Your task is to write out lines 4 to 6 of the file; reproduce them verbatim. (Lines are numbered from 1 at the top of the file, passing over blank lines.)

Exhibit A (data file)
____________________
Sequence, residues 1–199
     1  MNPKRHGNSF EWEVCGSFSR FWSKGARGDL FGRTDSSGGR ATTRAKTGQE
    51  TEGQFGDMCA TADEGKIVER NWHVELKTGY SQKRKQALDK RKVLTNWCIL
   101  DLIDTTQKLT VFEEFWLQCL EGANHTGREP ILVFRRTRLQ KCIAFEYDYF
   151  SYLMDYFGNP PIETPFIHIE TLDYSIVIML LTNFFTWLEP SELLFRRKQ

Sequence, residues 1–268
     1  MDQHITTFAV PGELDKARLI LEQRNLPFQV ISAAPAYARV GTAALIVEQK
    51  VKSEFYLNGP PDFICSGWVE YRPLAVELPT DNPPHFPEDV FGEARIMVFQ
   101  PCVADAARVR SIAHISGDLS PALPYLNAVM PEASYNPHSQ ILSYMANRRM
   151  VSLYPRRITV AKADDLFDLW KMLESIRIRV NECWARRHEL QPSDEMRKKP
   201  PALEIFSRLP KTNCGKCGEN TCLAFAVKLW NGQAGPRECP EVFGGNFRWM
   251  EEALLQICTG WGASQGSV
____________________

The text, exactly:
   101  DLIDTTQKLT VFEEFWLQCL EGANHTGREP ILVFRRTRLQ KCIAFEYDYF
   151  SYLMDYFGNP PIETPFIHIE TLDYSIVIML LTNFFTWLEP SELLFRRKQ

Sequence, residues 1–268